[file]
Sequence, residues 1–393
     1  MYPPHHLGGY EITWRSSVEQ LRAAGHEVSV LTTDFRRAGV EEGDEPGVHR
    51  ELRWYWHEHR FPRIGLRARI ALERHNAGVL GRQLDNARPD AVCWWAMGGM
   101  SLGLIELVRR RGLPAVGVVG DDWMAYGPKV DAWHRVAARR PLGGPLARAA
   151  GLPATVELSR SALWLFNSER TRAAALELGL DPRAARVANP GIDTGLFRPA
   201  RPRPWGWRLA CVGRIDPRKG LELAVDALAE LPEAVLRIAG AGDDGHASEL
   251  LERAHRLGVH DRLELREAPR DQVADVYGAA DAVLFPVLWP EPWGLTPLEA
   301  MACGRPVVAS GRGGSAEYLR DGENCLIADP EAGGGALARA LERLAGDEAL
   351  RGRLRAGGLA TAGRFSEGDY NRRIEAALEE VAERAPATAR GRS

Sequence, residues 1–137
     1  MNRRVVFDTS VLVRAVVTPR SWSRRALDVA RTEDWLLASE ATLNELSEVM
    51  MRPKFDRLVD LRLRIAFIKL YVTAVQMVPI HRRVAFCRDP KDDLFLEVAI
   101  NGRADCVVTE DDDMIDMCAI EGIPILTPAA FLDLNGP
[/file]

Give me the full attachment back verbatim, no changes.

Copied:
Sequence, residues 1–393
     1  MYPPHHLGGY EITWRSSVEQ LRAAGHEVSV LTTDFRRAGV EEGDEPGVHR
    51  ELRWYWHEHR FPRIGLRARI ALERHNAGVL GRQLDNARPD AVCWWAMGGM
   101  SLGLIELVRR RGLPAVGVVG DDWMAYGPKV DAWHRVAARR PLGGPLARAA
   151  GLPATVELSR SALWLFNSER TRAAALELGL DPRAARVANP GIDTGLFRPA
   201  RPRPWGWRLA CVGRIDPRKG LELAVDALAE LPEAVLRIAG AGDDGHASEL
   251  LERAHRLGVH DRLELREAPR DQVADVYGAA DAVLFPVLWP EPWGLTPLEA
   301  MACGRPVVAS GRGGSAEYLR DGENCLIADP EAGGGALARA LERLAGDEAL
   351  RGRLRAGGLA TAGRFSEGDY NRRIEAALEE VAERAPATAR GRS

Sequence, residues 1–137
     1  MNRRVVFDTS VLVRAVVTPR SWSRRALDVA RTEDWLLASE ATLNELSEVM
    51  MRPKFDRLVD LRLRIAFIKL YVTAVQMVPI HRRVAFCRDP KDDLFLEVAI
   101  NGRADCVVTE DDDMIDMCAI EGIPILTPAA FLDLNGP